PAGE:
In this interview, Susan Glickman, Florida director for the Southern Alliance for Clean Energy, discusses the status of clean energy development in the state. Glickman lays out policy battles over renewable portfolio and energy efficiency standards, the state’s history of natural gas consumption, growth in utility solar programs, and an effort to deregulate the state’s utility industry.
Given the promising value proposition of pollinator-friendly solar, several states have passed voluntary standards to encourage the practice, and a number of developers have committed to pollinator-friendly projects for all or part of their portfolios. Illinois-based ENGIE Distributed Solar is one such developer. In this interview. Gavin Meinschein, ENGIE’s lead civil engineer, discusses the case for pollinator-friendly solar and the company’s experience implementing the practice.
In 2011 the $1 billion project was to be the biggest solar plant of its kind, and it looked like the future of renewable power. Citigroup Inc. and other financiers invested $140 million with its developer, SolarReserve Inc.
In California, the nation’s most populous state, every newly-built home must now come with enough solar panels to satisfy its electricity needs. It’s a quiet revolution tucked into the building codes approved unanimously by the California Energy Commission in 2018.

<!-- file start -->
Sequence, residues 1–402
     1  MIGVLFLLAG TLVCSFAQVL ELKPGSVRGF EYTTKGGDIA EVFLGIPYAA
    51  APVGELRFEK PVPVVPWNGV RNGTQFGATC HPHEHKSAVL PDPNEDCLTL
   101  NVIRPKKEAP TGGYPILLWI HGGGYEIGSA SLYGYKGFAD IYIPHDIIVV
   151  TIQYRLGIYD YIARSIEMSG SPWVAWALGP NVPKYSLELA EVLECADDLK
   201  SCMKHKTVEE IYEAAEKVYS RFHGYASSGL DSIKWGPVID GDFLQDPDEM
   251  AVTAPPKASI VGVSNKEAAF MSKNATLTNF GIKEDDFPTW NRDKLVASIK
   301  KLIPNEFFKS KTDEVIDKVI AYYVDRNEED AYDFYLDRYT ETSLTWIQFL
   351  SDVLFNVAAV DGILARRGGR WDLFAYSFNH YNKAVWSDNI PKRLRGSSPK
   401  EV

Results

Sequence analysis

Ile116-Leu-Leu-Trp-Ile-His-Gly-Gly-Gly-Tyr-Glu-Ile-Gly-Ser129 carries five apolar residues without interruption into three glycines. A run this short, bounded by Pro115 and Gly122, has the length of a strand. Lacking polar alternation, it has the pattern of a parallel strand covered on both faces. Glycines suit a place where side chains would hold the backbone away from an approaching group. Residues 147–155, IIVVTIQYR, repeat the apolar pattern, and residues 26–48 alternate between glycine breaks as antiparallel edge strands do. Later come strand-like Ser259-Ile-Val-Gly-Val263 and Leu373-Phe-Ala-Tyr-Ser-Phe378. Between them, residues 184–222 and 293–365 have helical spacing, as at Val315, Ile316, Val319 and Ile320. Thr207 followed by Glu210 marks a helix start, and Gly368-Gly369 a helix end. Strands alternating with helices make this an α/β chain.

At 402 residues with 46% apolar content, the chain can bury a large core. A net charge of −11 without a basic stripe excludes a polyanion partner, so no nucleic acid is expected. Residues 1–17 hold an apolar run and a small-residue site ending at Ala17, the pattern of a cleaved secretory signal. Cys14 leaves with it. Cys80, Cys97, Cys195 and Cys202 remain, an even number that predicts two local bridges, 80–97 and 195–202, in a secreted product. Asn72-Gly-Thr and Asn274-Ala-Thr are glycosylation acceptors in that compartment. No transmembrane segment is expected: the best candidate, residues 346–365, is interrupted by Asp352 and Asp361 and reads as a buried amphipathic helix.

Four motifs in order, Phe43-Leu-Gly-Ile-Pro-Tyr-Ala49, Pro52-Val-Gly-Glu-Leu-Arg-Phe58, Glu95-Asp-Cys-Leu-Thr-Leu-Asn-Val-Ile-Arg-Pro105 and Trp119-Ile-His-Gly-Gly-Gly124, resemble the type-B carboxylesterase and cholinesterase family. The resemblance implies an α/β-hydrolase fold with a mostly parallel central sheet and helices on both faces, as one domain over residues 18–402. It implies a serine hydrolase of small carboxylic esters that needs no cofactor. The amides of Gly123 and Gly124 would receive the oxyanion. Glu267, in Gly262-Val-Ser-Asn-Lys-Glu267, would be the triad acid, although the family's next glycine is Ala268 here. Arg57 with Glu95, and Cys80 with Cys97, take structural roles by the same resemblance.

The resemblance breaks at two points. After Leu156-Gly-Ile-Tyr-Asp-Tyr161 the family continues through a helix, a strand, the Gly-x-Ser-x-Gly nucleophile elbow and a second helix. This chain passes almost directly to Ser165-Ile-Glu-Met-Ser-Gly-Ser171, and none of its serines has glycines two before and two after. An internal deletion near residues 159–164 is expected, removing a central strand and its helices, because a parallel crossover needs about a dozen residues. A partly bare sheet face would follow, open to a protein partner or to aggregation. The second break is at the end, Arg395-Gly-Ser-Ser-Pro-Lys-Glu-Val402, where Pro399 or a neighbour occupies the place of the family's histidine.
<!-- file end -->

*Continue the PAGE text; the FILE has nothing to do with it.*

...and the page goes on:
Rocky Mountain Power contends that rooftop-generated power is not worth much, while clean-power advocates and the solar industry counter that rooftop systems provide broad benefits to the public at large and to the utility in the form of reduced stress on the electrical grid and power-generation needs.
A decade ago, entrepreneurs and investors alike believed that silicon wafer-based photovoltaics would soon be a relic. Tens of billions of venture and corporate dollars chased novel technologies that would surely replace silicon.
BlackRock’s Global Renewable Power III fund has commitments from over 35 institutional investors in North America, Europe and Asia and “reflects strong investor demand for renewable power assets,” according to a release.
The program is a "bridge" between the Solar Renewable Energy Certificate and "a yet-to-be determined successor incentive program," the New Jersey Board of Public Utilities said in a statement announcing its decision. New credits established under the program, Transition Renewable Energy Certificates, will be capped at a fixed price over a 15-year contract.
Storage's trajectory differs from the early growth dynamics of solar power in a crucial respect: It transcends the geographic boundaries, dictated by sunshine and policy, that constrained solar's rise.